Star Wars: The Rise of Skywalker is total sci-fi eye candy featuring about 50 different planets, many spaceships, lots of lasers, good fake animals, a cute new robot—all designed and photographed beautifully. It passes what is pretty much the basic test for any moviegoer, which is that it is fun to watch. But this conclusion to the third Star Wars trilogy has a basic problem it cannot solve. Simply put, who cares?
Does anybody care what family Rey comes from? Does anybody care about the psychic torments of Kylo Ren? Does anybody care about what happens to Poe or to Finn? Do you even remember who Rey and Kylo and Poe and Finn are? I’m not even mentioning Rose. Oh wait, I just did.
Recent Stories in Culture
If I asked you what was memorable about the first movie in the trilogy, The Force Awakens, I bet you’d say Harrison Ford returning as Han Solo and maybe Carrie Fisher as Leia. If I asked the same about the disastrous second, The Last Jedi, you’d probably say Mark Hamill back as the bitter and bearded Luke Skywalker. Here, in The Rise of Skywalker, we get to see Billy Dee Williams as Lando Calrissian again, and the moment he appears on screen, you could hear people in the theater sighing with delight.
Which is to say, the plots and characters introduced carefully in The Force Awakens and then terribly mishandled in The Last Jedi are primarily notable for how utterly uninteresting they are or have become. This is due, I believe, to a fundamental misunderstanding of the appeal of the Star Wars universe on the part of its ham-handed Disney supervisor, producer Kathleen Kennedy, and the writer-directors who made these three movies (J.J. Abrams the first and third, Rian Johnson the second). Simply put, they do too much.
These movies are just loaded with plot. Plot, plot, plot. Characters are introduced who are shrouded in mystery, and we are supposed to want to get to the bottom of their origin stories. There are double crosses, and secret spies, and red herrings. New love interests are provided for characters whose romantic lives are of no importance whatsoever. And kudos to you if you could describe the storyline of The Rise of Skywalker 10 minutes after you’ve seen it. As I write, it’s about 45 minutes after I’ve seen it and I got nothing.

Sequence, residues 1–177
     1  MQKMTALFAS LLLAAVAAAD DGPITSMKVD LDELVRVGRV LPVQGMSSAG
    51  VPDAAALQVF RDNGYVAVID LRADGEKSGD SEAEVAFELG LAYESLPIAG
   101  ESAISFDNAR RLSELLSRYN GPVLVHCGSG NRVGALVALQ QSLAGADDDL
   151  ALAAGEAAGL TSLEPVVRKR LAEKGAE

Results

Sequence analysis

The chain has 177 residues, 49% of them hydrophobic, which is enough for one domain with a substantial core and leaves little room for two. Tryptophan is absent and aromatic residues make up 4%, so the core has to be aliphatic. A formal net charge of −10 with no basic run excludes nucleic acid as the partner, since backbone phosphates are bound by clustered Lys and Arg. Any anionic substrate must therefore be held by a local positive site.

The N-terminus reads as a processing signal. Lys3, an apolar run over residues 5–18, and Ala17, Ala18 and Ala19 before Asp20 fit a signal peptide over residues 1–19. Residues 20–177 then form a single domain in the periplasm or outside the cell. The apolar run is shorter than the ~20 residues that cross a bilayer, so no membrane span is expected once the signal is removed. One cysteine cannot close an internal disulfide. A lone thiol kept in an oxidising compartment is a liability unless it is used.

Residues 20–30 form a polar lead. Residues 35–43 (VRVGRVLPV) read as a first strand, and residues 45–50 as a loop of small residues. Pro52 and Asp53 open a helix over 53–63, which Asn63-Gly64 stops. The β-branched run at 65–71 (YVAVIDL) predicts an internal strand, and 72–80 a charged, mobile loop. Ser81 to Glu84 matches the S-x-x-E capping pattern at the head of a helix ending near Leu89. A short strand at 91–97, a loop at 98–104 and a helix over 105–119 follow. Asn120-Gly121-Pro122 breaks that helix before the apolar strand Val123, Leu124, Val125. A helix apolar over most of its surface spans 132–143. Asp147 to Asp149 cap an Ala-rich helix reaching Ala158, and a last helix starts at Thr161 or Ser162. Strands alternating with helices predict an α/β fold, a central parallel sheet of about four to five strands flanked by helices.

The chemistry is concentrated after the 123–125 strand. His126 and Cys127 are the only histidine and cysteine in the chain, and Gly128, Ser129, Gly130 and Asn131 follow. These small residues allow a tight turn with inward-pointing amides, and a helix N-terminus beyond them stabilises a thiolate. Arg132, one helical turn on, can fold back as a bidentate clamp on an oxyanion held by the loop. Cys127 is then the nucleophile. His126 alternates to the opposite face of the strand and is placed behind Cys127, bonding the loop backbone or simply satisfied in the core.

So what? What Star Wars introduced into mass culture was the entire concept of "world-building." George Lucas was telling us a fairy tale about a galaxy far, far away a long time ago, and it was the galaxy itself that was of primary interest. Seeing Star Wars on the day it opened in 1977, I recall the wonder in seeing Luke staring at the two suns in the sky on his home planet (after he took a nice long sip of blue milk) and the utter delight invoked by the cantina where weird creatures drank cocktails and listened to a bad band. There were the two robots standing in for Laurel and Hardy. There was the gleaming spaceship of the Empire in contrast to the "hunk of junk" Millennium Falcon being flown by Han Solo. And, of course, the special effect that knocked the world’s socks off and changed the movies forever, when the Falcon went into hyperdrive and the stars lengthened as the ship zoomed into them and vanished.
The world-building was meticulous, but the plotting was rudimentary. There were good guys and bad guys, and a classic black-hatted villain straight out of a silent Western. The hero goes from innocence to experience; the guy who sticks his neck out for nobody becomes a team player; the mentor makes the ultimate sacrifice for the higher moral good, and the bad guy loses. It was simple to follow and made no demands on us. Quite the opposite; it turned out that for many people, Star Wars was the primal tale of their childhoods, and primal tales are simple and archetypal by definition.
The Rise of Skywalker isn’t primal. It’s labored. It’s trying to do things we don’t need it to do and creates needless distractions from the things it should do and does better. The one thing that is for certain is this: Instead of creating new characters after spending $4 billion to buy Star Wars from George Lucas, Disney should have just made three movies about Luke, Leia, Chewie, Lando and Han, older and wiser and angrier and whatever else they might be. You see them, you love them. You see Rey and Finn and Poe, and they could drop dead. They don’t, of course, but again, and for the last time: Who cares?